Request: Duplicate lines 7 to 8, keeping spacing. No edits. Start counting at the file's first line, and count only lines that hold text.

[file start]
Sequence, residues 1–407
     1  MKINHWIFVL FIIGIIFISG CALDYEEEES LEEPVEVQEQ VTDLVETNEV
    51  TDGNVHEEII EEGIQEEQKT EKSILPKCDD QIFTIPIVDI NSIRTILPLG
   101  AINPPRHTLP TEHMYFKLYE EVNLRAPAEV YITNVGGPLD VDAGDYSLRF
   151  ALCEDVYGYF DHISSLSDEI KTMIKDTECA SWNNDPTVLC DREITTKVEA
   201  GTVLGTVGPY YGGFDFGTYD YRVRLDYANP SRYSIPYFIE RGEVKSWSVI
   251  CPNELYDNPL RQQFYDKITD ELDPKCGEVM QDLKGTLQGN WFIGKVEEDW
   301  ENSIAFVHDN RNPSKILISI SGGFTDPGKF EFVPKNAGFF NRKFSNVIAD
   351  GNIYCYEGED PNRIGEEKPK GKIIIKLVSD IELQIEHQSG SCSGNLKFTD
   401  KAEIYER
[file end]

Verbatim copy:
   251  CPNELYDNPL RQQFYDKITD ELDPKCGEVM QDLKGTLQGN WFIGKVEEDW
   301  ENSIAFVHDN RNPSKILISI SGGFTDPGKF EFVPKNAGFF NRKFSNVIAD